Wondering just how some people manage to sneak past the many layers of security and human interaction to board a plane without buying a ticket? Thanks to a recently published report from the TSA we can see just how one woman managed to pull it off in Orlando.
The story begins in October 2019 when a TSA Inspector is called to Gate 71 at Orlando International Airport because a passenger on a flight is refusing to show a boarding pass and also refusing to deplane the aircraft. The inspector arrived to find that the plane was no longer at the gate and the passenger in question long gone. But the reported details more than make up for their slow arrival to the closing scene of the incident.
The scofflaw first attempted to pass through the security checkpoint by showing a checked baggage payment receipt to the TSA ID check agent. That didn’t work, in part because it was for an airline on the other side of the terminal and in part because it is obviously not a boarding pass. The would-be traveler was dismissed and wandered away. But she was not deterred.
Approximately 30 minutes later she returned to the checkpoint, this time mingling with a family of six. As the TSO at the ID check station was handling that large group the passenger slipped past, approaching the security screening. I assume it looked something like this:
They submitted to the screening as normal and the AIT detected an anomaly. That was cleared through a manual check and the bag was passed through the X-ray cleanly.
At the gate the would-be passenger simply walked past as pre-boarding began. One passenger apparently reported it to the gate agent, who pursued our crafty protagonist into the boarding bridge. But the GA returned alone, having confronted the woman and being satisfied with the answer that she had been scanned through. Neither a boarding pass nor ID was requested or shown, though the stowaway did state she was assigned seat 15A.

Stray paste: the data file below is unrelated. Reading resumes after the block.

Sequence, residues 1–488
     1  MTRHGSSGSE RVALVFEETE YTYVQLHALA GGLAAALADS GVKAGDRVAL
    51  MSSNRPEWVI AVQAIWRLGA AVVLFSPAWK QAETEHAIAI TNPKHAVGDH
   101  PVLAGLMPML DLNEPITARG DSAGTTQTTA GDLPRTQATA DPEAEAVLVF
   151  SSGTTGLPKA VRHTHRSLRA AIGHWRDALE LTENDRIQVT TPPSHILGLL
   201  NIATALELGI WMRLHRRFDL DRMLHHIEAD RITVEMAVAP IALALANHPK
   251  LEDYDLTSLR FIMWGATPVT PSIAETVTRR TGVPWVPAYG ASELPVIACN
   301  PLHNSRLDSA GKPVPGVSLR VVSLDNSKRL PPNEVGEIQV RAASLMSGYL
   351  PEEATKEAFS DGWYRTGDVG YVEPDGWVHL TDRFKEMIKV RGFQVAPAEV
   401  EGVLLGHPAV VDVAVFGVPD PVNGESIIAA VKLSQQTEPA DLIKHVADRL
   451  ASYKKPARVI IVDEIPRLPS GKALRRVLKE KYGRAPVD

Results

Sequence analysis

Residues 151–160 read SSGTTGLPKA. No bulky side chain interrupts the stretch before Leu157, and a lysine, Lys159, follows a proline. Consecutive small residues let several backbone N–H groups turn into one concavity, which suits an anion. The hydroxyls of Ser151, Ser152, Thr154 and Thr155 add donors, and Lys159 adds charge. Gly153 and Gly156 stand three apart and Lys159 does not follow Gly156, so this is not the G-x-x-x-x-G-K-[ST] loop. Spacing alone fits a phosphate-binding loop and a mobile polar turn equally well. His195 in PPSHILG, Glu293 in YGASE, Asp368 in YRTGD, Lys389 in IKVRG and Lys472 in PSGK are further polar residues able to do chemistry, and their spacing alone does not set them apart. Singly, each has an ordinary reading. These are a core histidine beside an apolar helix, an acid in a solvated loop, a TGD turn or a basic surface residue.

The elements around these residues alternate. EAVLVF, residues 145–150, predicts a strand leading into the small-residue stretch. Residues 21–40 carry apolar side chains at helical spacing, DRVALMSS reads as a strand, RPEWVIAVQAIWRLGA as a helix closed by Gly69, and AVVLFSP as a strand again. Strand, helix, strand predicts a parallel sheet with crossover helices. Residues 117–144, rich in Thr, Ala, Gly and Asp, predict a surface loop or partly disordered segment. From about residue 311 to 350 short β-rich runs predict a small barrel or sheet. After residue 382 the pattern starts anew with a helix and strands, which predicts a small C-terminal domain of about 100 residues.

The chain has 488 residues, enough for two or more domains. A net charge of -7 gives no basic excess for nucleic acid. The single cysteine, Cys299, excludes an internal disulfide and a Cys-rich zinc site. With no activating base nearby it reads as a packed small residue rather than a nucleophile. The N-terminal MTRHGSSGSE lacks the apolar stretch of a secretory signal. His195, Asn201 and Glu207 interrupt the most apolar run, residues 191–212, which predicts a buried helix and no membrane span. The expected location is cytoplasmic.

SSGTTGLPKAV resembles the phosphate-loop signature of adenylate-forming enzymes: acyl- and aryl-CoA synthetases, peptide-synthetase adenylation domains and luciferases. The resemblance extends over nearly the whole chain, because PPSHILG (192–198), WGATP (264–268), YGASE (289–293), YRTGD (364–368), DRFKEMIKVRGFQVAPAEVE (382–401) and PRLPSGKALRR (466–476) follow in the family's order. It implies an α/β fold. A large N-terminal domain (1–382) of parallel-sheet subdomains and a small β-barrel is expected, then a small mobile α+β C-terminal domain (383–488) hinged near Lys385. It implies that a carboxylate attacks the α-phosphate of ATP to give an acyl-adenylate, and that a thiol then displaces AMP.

That probably would have been the end of the discussion had another passenger not held a valid boarding pass for seat 15A. A bit of a kerfuffle ensued on board, but our wayward soul was not to be trifled with. She held firm that seat 15A was hers.
Busted on board!
The gate agent also was on the plane to verify other passengers and the flight attendants asked to have 15A verified as a valid passenger. Showing neither a boarding pass nor an ID (instead, a blurry selfie on her cell phone was waved about). Turns out that was insufficient.
The agent ultimately succeeded in convincing the interloper to walk off the plane, though not without some additional yelling and cursing at the rightful holder of 15A.
The plane eventually pushed back, though it returned to Gate 73 a short time later as Delta Corporate Security expressed concern about who the woman was and whether she had passed through TSA screening or not. At the time of the incident the TSA was also unclear of that status. All passengers and carry-on bags were re-screened before the flight eventually departed for Atlanta.
More lies, and a sternly worded letter
Orlando Police removed the woman from the scene and escorted her back out to the public part of the airport where she was released, but not before providing false information about her identity. She was later tracked down and the TSA requested a statement from her. This is what she provided:
To whom it may concern:
I purchased my ticked and I boarded the plane. I am so sorry I don’t know [what] else to say but don’t blame me. Everything falls on your customer service and security.
Following the incident the Baker Act was invoked to allow the woman to receive a mental evaluation. It was determined that she had a “lengthy history of mental instability” and was residing in a long term recovery facility.
Ultimately, the TSA chose to provide a formal warning (and even mentioned potential to lose PreCheck access) rather than assess a Civil Penalty. It is unlikely that she could afford the $13,669 penalty, however.
Overall it is a spectacularly bizarre scenario, but one that has played out similarly over the years at various airports. Fortunately not a real security risk, but that is a big part of the story.
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